Gabe Rivera introduced an editor to his memetrackers earlier this week. From now on, Techmeme and his other sites will not only be edited by an algorithm but also by an human editor.
We think Gabe’s memetrackers are a great way to get news in a really smart way. Algorithms are powerful but the human touch will quite probably make memetrackers even better. But is a staff of editors the future?
Social interaction augmenting memetracking seems to be something even Google is considering. As recently pointed out by VentureBeat, one reason for Google showing strong interest in aquiring Digg could be the possibility of enhancing Google News with Digg’s social filter.
Broadstuff.com wrote an interesting blog post last week about social vs algorithm filtering in news. The conclusion was that Techmeme (in the sense of algorithm filtering) is something really powerful but that Twitter has become another, more social, way to get notified about (and discuss) news. Twitter has the ability to filter both personal and local, but also professional and other highly relevant news for you.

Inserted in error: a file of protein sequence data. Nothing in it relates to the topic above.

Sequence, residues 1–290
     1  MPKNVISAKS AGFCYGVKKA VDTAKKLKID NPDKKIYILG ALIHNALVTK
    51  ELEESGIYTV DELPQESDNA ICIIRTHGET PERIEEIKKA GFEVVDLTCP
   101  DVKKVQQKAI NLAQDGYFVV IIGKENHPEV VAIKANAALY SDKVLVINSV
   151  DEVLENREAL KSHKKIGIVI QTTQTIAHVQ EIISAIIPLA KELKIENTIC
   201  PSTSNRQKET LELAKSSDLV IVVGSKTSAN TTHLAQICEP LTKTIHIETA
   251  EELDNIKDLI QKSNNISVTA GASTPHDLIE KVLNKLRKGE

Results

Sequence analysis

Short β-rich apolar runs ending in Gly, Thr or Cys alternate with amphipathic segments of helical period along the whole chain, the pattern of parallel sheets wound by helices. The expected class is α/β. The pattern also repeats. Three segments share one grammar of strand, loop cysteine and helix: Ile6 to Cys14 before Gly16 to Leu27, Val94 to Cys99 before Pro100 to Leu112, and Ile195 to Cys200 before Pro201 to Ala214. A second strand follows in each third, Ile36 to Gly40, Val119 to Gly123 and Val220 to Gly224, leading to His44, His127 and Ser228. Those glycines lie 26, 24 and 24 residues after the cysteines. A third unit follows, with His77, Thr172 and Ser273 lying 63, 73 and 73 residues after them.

So I am now watching with fascination to see how the Algorithm filter (Techmeme) and the Social Network Filter (Twitter) vie for influence on my (and others’) attention span in the future.
At Twitter, the human touch from many people is the social filter. The question is if memetrackers would’nt be even better with something similar. Probably they would, is the answer. We think memetrackers could be improved with the help of both algorithms and many enthusiastic people. And we think Gabe is on the right path when he now introduces an editor to his memetrackers.
In the future, when there’s memetrackers for all topics for all your interests, it’ll probably be social filters and not hired professional editors. But the first step is taken and we have only seen very little of the potential in memetrackers.